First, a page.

ACLU of Nebraska Seeks Further Information About Lethal Injection Drugs Obtained without FDA Approval

A recent Federal Court decision ruled that drugs such as those used in Nebraska cannot be used without FDA approval.


July 24, 2013

CONTACT: Amy Miller, (402) 476-8091,

LINCOLN - On Tuesday, a Federal Circuit court in D.C. ruled that a drug commonly used in lethal injection must obtain U.S. Food and Drug Administration (FDA) approval. The drug, sodium thiopental, has been a topic of controversy in Nebraska due to the manner in which the state has purchased the current supply. On Wednesday, the ACLU of Nebraska filed an open records request to determine if Nebraska's existing supply would be impacted by the ruling.

The court upheld a lower court ruling which found that drugs imported by states for use as anesthesia prior to execution are subject to the same FDA requirements applicable to all imported drugs: most important, the drugs must be reviewed for safety and effectiveness and must come from FDA-registered foreign drug providers.

"The court's decision should be a warning to the state of Nebraska: don't purchase drugs without going through the FDA," said Amy Miller, Legal Director for the ACLU of Nebraska. "If Nebraska tries to use unapproved drugs from fly-by-night dealers, it once again shows that the death penalty is broken beyond repair and cannot guarantee it achieves real justice."

Five states were included in the complaint reviewed by the D.C. Circuit Court. The ruling did not immediately require Nebraska to turn over its supply of sodium thiopental. It did make it clear, however, that any drugs entering the U.S., including sodium thiopental, need FDA approval and that foreign-made sodium thiopental cannot be approved by the FDA.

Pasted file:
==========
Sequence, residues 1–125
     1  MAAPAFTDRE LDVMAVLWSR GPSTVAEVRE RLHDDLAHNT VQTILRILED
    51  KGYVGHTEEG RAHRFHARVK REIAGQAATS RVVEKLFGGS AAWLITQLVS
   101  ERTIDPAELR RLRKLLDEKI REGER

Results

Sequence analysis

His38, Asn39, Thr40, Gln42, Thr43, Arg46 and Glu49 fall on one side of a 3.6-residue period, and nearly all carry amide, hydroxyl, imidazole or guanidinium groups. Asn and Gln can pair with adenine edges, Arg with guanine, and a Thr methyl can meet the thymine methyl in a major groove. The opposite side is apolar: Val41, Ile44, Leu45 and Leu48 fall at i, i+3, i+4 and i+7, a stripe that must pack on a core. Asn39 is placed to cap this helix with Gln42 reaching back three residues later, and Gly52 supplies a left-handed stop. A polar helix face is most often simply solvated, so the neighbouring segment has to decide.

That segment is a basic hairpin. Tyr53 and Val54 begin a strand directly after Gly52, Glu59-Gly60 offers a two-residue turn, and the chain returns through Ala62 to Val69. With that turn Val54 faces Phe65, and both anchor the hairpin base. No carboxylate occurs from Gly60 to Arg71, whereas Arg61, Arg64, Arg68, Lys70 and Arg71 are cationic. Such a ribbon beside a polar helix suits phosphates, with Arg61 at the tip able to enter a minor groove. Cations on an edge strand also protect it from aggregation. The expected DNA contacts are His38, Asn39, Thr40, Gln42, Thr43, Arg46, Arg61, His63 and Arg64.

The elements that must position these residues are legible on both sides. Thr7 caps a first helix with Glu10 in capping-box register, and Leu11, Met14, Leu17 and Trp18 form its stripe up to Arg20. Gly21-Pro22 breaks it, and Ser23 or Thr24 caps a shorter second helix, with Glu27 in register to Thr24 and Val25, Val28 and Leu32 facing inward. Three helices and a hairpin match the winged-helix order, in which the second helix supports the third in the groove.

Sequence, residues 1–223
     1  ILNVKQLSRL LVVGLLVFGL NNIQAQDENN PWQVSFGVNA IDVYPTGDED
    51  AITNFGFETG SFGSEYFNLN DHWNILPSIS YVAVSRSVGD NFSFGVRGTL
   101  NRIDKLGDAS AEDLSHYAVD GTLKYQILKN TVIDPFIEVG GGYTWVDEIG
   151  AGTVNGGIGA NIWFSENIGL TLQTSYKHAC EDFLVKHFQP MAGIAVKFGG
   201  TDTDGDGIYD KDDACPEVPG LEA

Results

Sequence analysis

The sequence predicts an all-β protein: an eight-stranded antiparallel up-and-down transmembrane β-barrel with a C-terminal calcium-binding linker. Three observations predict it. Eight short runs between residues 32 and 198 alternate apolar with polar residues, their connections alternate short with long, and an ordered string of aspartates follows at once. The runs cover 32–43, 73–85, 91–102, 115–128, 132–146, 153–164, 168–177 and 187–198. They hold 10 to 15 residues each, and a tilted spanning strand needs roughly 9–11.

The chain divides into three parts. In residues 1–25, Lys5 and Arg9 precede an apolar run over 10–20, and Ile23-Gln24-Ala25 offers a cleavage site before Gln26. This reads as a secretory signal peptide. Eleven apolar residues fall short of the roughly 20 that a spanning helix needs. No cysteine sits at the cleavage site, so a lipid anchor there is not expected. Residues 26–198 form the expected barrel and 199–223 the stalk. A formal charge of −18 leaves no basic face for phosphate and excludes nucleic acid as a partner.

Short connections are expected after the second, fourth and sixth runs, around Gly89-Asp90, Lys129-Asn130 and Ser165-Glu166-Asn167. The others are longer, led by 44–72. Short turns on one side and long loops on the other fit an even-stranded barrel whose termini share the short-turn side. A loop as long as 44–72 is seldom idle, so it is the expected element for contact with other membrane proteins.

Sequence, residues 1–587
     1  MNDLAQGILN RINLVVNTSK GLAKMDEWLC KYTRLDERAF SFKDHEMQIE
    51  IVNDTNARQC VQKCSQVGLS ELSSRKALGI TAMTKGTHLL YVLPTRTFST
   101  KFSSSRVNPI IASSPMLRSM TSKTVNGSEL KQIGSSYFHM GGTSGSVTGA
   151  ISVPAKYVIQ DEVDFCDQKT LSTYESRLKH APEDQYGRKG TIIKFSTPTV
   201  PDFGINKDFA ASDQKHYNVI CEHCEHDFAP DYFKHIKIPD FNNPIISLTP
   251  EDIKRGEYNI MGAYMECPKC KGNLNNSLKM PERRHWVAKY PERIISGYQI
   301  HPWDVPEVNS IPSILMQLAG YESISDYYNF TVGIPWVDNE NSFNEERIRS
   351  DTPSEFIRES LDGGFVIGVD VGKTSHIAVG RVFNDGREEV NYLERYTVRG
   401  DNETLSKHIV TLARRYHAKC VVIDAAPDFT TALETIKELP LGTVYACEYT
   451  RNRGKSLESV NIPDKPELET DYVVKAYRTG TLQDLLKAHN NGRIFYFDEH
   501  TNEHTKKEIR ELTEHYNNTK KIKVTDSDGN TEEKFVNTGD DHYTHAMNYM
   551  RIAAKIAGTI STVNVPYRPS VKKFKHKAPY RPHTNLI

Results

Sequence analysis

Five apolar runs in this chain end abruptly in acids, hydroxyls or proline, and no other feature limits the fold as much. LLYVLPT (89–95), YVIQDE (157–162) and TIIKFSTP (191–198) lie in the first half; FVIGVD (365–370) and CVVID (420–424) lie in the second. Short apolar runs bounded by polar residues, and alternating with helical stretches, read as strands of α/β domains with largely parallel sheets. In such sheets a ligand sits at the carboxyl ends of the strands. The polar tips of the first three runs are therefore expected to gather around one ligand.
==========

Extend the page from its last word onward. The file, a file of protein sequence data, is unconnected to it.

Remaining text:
"The records we've reviewed so far indicate that should the supply of sodium thiopental be challenged in court, it will not pass the legal standard set forth by the D.C. Circuit," added Miller. "We've filed an open records request to determine if Nebraska has found an additional supply or if it is continuing to waste taxpayer dollars purchasing an illegal drug. Our hope is the state will hand over its stock voluntarily without needing to resort to a costly lawsuit."

The ACLU's existing documents, from earlier in 2013, show the state had two batches of sodium thiopental which is used to cause paralysis. One batch expired in May and the other batch is set to expire in December. Due to the recent ruling, the ACLU says it is unlikely that the existing would not stand up to a legal challenge.

"Resorting to illegal practices and black-market drug distributors isn't what the people of Nebraska should expect from their government," said Miller. "We're asking Nebraska to come clean about its supply of sodium thiopental. If the state did not seek FDA approval then officials should dispose of the supply immediately."